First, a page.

Thursday, 14 February 2008

GFF Preview: Teeth - Review by Robert Duffin

Director: Mitchell Lichtenstein
Screenwriter: Mitchell Licktenstein
Running Time: 88 mins
Certificate: Not Yet Rated
Screening: Sunday 17th 2.00pm (Cineworld) & Monday 18th 8.20pm (Cineworld)

Monsters, demons and axe wielding maniacs are no longer the terror du jour in contemporary horror cinema, instead director Mitchell Liechtenstein favours an even scarier spectre: the vagina. The vagina dentate myth, often erroneously accredited to Freud, appears in the myths of several North American Indian tribes but has rarely been dealt with so directly on the silver screen. It’s certainly subliminally present, in HR Geiger’s double-jawed Alien for example, but in Teeth it is dealt with in all of its gory glory.

Still a stranger to her own body, high school student Dawn (Jess Weixler) is a member of the abstinence club but now is confused by her feelings for new member Tobey (Hale Appleman.) After some risqué skinny-dipping, Tobey tries to force himself on her and then she discovers her body’s darkest secret: a set of razor sharp gnashers where no woman should have them. While trying to unlock the mystery of her discovery, she has to deal with many sexual predators in the local community.

Jess Wiexler’s Dawn, she of the carnivorous vagina, with a nod and a wink to 70s scream queens and 80s teen-com heroines. Her passionate support of teenage celibacy is a gentle poke at contemporary conservative values; pre-marital sex hilariously emerges as their bogeyman. Yet Weixler is never anything less than sincere. Dawn could easily have been a cipher but she manages to find the heart within the joke, as she wades through the sea of hormones.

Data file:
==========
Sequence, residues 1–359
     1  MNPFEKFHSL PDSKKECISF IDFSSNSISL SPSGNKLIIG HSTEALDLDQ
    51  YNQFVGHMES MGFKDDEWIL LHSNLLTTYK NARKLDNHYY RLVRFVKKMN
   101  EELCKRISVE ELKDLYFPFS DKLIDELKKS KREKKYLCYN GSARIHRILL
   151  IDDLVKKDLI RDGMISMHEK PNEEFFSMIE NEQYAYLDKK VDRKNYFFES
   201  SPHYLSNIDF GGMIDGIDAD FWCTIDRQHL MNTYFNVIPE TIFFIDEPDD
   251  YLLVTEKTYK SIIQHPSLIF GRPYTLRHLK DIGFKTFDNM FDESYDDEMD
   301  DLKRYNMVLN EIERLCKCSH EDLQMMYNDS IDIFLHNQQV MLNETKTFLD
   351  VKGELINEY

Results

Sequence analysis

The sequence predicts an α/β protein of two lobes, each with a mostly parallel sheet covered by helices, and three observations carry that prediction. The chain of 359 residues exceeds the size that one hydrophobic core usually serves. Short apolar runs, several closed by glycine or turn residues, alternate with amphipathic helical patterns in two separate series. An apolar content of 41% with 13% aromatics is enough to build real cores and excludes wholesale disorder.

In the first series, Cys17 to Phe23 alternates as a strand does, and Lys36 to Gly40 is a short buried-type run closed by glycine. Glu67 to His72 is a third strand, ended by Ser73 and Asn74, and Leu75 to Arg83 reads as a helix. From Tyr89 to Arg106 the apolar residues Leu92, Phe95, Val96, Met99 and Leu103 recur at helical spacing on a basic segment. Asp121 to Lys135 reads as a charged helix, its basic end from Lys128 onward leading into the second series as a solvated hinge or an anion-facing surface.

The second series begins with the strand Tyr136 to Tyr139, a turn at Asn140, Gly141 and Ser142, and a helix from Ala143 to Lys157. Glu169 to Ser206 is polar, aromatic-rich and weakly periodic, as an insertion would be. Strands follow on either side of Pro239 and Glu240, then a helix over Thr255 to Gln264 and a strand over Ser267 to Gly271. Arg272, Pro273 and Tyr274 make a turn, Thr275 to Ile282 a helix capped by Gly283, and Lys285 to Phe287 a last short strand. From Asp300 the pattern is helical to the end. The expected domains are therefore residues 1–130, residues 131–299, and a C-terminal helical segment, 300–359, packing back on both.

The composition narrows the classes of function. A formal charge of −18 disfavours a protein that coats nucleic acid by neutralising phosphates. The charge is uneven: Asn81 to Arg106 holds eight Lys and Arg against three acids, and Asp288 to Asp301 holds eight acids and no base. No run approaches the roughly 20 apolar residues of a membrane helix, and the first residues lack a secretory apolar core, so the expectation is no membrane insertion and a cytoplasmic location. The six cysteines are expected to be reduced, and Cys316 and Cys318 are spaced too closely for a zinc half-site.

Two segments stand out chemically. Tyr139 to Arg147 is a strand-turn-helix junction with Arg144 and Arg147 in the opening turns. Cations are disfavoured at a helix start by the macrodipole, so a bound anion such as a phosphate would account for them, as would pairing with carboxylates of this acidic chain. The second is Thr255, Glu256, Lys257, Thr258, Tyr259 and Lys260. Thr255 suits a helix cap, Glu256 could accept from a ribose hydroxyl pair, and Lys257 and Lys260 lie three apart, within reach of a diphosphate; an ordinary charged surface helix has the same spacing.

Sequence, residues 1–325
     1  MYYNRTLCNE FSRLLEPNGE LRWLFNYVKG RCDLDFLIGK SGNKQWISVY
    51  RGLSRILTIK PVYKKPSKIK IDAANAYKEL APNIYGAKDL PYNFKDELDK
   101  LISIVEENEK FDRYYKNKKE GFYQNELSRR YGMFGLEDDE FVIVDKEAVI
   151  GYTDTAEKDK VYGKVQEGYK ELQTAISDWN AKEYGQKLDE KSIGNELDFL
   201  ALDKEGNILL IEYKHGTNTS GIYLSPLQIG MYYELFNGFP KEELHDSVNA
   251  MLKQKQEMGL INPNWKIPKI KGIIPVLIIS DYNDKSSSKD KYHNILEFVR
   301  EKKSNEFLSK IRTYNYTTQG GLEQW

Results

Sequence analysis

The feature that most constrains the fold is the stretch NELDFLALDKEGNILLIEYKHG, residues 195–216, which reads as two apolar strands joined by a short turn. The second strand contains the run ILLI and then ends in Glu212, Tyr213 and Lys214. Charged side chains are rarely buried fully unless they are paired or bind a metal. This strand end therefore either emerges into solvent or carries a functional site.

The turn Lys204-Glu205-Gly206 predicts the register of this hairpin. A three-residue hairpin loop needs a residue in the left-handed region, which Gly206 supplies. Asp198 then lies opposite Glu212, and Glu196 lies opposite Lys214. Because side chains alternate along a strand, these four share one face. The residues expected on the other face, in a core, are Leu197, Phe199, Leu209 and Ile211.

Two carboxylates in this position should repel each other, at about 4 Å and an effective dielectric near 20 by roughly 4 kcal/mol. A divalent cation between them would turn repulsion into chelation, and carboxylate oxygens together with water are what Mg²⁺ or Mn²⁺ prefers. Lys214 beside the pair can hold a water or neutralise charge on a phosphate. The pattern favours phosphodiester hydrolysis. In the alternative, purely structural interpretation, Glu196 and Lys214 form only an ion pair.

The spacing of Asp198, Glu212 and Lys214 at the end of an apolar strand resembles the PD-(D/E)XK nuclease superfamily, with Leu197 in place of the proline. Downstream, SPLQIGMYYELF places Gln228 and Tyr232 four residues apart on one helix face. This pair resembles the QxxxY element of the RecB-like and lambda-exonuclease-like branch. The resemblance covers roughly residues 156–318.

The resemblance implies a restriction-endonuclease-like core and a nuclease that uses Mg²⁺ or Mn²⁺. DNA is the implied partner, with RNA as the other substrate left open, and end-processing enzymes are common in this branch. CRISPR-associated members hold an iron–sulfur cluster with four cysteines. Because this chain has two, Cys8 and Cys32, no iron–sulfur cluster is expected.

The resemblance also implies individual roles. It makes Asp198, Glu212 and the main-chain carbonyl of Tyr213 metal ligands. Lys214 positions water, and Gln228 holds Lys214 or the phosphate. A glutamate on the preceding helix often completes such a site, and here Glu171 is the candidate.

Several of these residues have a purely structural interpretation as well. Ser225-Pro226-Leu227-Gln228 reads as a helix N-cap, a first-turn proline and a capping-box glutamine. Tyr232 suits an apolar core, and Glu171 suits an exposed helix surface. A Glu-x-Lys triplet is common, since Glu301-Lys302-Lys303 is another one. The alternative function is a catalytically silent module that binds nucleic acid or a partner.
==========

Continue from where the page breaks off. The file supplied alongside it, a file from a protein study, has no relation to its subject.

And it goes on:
The men of Teeth are far less admirable, as nearly all have malicious intentions. Dawn’s abstinence club boyfriend Toby may seem innocent but he secretly conceals uncontrollable lust. Her hedonistic brother Brad (John Hensley), literally scarred by a childhood encounter with the titular teeth, masks his incestual desires with sexual deviance. Even a supposedly benevolent gynaecologist (John Pais) attempts to molest her, resulting in the cheap laugh slapstick of his hand getting stuck. However Dawn’s understandable penile vendetta does avoid accusations of misandry through her stepfather (Lenny Von Dohlen), an admirable man and loyal husband. It seems there are good men and bad men, and the later don’t deserve the male signifier.

Separating this from the likes of Troma is Liechtenstein’s belief that what he is making is worth the effort. The cheerful mise-en-scene of the pastel shaded suburbs is eye catching, and haunted by an ever-present smoking power plant. Evoking the Universal monsters of the 30s who were products of environmental catastrophes, Teeth takes a horror genre issues of the past and finds contemporary relevance. Robert Miller’s pounding score, a nod to Henry Mancini, is appropriately over dramatic and playful. It’s a gorgeous looking and sounding film, and a credit to the production that low budget horror can still make a visual impact.

Naturally the story will have feminist theorists in a fever over Liechtenstein’s intentions. However nothing particularly radical happens in the film. The result is an amusing and wry body shock horror with the tone sitting snug somewhere between David Cronenberg and Joe Dante. Dawn’s eventual control over and enjoyment of her power, and the eye-rolling denouement, if anything plays the vagina dentata myth straight. Sexual intercourse is still very much a threat to men, and even worse the rasmus of this particular Terrible Mother is actively intent on diminishing male masculinity. Outside the interesting subtext, Teeth remains one of the finest and most audacious genre movies of recent times.

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